Abstract 244: Defibrillation Efficacy Is Not Influenced by Duration of Preshock Pause
A prior small study reported a strong relationship between pre-shock pause duration (PreSP) and 1st shock defibrillation efficacy during cardiac arrest resuscitation. We examined the relationship between PreSP and defibrillation efficacy across all shocks in a large cohort of out-of-hospital cardiac arrest (OHCA) resuscitations.
In an observational study of prospectively collected data, we enrolled all patients with cardiac cause OHCA presenting with VT/VF during calendar year 2009 in five EMS systems. Continuous ECG and impedance recordings from all defibrillators used during resuscitation were reviewed to measure PreSP and determine outcome for all shocks. Defibrillation success was defined as removal of VF for at least 5 seconds post-shock.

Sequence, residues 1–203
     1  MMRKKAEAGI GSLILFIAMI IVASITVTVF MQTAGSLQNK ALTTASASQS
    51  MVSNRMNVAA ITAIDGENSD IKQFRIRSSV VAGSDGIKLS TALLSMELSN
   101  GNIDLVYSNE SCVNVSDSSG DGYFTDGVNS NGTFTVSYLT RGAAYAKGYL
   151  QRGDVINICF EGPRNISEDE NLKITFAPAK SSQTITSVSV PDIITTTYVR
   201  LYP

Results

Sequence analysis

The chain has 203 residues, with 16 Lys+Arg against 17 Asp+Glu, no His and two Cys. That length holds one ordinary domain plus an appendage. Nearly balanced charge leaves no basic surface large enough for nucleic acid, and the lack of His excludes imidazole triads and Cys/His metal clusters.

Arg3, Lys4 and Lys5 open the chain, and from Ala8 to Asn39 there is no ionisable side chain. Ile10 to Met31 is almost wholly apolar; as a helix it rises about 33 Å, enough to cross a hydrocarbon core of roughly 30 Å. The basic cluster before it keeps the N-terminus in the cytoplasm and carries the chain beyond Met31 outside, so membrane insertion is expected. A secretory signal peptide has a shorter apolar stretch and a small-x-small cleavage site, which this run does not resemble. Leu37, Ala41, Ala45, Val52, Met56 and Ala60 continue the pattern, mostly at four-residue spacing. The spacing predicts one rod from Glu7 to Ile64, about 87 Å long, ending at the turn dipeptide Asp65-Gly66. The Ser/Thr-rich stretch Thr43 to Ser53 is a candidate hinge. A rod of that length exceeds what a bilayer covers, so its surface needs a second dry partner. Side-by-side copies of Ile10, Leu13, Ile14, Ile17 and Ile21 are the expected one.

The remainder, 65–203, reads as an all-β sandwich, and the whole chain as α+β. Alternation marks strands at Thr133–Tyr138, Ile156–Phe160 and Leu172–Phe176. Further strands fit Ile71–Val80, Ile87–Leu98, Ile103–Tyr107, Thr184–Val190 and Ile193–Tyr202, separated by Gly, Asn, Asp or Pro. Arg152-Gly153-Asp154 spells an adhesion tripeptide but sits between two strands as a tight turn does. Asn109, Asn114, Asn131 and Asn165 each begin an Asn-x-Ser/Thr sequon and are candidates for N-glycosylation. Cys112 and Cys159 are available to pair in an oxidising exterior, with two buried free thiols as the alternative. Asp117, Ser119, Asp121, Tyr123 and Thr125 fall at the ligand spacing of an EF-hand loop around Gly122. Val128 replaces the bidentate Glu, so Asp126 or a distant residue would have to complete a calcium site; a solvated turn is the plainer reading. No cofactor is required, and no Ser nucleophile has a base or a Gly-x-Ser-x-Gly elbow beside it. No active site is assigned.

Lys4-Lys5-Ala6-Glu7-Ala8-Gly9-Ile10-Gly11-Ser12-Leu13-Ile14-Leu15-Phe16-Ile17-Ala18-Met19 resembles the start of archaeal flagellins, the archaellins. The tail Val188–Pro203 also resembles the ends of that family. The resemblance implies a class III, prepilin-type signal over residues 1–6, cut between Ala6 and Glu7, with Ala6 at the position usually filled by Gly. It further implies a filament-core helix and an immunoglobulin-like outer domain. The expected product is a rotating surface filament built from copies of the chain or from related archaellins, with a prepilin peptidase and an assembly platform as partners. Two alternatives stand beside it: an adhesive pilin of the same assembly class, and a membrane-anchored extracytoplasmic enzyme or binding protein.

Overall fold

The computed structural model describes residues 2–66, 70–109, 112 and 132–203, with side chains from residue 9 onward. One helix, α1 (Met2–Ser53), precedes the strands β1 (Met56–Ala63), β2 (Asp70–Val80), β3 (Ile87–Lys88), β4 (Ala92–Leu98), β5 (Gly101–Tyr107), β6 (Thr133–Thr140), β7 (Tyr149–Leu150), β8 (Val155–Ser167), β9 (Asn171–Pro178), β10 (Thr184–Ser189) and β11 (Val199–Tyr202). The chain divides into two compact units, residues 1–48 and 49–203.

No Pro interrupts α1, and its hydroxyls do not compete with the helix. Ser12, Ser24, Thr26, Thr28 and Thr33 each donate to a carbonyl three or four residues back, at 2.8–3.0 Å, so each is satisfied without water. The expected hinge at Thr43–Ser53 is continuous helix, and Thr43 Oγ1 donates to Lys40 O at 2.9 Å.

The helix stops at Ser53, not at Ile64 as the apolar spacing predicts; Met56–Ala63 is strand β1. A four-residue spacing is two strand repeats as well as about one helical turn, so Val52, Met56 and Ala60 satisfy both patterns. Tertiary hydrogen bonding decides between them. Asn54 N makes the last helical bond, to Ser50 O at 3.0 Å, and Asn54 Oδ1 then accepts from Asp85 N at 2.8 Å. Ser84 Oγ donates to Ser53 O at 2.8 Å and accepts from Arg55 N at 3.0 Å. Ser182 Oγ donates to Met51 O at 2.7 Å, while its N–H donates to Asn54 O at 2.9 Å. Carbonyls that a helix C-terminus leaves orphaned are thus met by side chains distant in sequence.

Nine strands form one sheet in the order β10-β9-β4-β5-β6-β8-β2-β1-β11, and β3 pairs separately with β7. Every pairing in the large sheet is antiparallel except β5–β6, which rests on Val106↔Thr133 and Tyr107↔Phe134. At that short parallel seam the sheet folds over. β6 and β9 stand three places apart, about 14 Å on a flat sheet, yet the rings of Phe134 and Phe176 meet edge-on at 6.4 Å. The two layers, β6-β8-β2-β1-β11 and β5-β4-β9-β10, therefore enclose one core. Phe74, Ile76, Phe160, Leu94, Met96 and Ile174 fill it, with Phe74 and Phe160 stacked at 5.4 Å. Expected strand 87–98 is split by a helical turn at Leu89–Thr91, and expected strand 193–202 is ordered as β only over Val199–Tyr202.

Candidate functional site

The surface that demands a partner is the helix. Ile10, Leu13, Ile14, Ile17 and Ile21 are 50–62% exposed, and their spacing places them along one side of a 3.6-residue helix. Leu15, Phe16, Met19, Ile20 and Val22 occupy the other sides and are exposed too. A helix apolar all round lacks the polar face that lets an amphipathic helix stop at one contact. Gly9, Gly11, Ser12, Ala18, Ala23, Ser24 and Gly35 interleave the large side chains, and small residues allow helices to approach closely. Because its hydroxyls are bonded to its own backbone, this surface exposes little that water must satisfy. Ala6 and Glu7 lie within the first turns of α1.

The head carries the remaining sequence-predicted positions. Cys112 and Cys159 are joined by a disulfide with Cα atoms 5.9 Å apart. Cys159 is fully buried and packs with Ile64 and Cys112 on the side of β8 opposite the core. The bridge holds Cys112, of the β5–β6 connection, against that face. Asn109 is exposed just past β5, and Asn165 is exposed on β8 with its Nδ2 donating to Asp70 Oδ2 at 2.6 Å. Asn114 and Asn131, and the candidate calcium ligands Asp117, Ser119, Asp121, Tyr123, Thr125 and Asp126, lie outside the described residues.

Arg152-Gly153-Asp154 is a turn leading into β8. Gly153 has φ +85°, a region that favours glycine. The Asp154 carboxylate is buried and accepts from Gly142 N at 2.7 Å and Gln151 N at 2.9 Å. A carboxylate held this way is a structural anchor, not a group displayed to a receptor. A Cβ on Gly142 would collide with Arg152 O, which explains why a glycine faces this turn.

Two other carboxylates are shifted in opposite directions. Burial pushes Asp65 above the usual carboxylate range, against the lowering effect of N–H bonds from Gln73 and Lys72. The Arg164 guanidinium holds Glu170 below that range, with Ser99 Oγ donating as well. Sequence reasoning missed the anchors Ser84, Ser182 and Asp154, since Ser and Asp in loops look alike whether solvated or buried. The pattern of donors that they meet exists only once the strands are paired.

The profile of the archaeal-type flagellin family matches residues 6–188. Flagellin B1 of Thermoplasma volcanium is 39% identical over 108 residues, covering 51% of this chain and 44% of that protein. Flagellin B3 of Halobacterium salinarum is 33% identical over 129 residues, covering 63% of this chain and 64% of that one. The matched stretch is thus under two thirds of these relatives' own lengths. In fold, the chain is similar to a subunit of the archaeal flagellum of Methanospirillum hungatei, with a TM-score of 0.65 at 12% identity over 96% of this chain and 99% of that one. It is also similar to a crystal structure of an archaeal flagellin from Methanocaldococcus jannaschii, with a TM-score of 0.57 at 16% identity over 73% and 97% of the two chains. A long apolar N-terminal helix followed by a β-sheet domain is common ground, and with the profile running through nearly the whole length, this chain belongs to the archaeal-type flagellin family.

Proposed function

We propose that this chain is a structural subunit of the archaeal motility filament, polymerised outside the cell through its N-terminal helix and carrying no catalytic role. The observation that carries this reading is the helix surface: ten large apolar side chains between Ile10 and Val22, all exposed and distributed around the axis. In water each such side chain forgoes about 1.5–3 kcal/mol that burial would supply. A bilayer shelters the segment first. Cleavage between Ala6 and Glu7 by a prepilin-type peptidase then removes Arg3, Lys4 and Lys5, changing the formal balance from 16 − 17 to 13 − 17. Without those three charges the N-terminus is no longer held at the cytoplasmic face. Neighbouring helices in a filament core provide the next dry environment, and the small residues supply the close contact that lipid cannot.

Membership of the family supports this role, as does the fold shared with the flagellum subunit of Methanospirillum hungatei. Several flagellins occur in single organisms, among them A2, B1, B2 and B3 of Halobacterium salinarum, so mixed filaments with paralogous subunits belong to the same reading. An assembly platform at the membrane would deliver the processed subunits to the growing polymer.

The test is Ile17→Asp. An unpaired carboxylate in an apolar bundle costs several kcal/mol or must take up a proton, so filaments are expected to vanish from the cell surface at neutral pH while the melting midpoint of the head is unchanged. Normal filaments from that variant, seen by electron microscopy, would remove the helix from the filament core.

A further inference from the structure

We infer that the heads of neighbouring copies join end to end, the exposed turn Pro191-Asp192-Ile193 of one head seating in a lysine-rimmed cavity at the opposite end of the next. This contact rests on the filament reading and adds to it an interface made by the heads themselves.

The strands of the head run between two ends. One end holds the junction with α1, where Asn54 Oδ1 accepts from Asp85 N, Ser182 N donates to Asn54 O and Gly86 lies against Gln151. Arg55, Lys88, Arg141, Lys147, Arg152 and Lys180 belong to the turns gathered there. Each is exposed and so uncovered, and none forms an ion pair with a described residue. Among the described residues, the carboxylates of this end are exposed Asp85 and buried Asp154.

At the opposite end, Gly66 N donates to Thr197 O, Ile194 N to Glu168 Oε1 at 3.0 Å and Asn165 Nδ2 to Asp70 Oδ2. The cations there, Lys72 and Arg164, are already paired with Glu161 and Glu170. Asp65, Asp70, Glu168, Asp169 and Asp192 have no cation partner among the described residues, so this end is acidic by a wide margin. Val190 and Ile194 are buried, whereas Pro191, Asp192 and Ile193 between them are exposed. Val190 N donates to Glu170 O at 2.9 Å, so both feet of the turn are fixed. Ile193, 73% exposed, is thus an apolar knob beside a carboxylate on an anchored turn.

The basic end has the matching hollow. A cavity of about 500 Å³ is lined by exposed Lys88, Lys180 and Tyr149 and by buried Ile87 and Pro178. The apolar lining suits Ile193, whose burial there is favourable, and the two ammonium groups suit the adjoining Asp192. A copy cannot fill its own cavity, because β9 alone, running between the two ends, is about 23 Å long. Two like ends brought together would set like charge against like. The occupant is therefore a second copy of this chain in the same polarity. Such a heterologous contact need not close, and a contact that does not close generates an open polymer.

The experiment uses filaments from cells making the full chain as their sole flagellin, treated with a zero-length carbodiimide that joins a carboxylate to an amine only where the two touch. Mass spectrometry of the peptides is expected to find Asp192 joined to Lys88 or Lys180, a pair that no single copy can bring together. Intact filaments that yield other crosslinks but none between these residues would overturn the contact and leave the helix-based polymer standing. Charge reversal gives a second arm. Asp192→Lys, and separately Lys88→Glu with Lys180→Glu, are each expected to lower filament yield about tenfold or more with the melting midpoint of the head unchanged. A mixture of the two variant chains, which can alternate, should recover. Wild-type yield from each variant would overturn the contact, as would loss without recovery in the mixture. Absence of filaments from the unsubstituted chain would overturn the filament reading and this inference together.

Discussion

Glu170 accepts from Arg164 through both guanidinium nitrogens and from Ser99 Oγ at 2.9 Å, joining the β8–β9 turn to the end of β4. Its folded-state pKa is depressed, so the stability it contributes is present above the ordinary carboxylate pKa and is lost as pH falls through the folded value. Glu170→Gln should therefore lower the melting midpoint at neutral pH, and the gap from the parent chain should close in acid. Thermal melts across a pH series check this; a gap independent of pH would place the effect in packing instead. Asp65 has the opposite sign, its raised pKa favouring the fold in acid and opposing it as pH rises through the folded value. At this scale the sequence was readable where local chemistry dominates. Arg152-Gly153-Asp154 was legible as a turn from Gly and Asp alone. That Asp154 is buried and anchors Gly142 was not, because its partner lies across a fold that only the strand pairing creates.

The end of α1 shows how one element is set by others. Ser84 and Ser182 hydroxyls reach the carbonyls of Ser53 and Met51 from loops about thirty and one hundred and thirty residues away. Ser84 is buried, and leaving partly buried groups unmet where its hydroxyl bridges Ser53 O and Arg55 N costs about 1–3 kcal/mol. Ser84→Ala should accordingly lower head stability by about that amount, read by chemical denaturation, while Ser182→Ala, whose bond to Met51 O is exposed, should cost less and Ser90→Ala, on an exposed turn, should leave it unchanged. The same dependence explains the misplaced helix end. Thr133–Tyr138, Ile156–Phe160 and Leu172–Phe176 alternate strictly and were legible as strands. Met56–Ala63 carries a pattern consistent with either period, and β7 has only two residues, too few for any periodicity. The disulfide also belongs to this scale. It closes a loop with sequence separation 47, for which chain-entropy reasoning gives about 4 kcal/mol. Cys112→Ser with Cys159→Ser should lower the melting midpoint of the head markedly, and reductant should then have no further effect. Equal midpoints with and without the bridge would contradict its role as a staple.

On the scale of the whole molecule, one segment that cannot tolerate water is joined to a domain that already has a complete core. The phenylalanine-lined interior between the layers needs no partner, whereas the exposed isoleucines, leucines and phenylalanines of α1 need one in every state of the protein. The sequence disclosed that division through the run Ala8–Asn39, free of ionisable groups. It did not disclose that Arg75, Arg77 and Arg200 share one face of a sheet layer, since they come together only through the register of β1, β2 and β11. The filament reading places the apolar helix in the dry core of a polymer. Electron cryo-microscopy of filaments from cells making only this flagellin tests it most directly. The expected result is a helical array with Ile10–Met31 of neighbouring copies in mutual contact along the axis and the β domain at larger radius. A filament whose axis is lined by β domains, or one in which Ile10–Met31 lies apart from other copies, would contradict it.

Of 902 analyzable biphasic shocks to 281 patients, 763 successfully terminated VF (85%). The median (IQR) PreSP did not differ significantly between successful and failed shocks [8 (4,17) vs 7 (5, 15) sec, p=0.34]. No significant differences were found when analyzing just first shocks [9 (4,18) vs 7 (4,15), p=0.33], just AED shocks [20 (17,23) vs 19 (15,21), p=0.31], or just manual shocks [7 (4,15) vs 7 (4,13), p=0.97]. When grouped by PreSP duration in 10-sec increments, there was no significant trend in shock efficacy with increasing pause duration (Figure, p=0.06). In a univariate regression, there was no significant relationship between first-shock PreSP duration and successful VF termination [OR = 1.15 for every 5-second increase (0.91, 1.47)].
Defibrillation success is not associated with pre-shock pause duration.
- © 2012 by American Heart Association, Inc.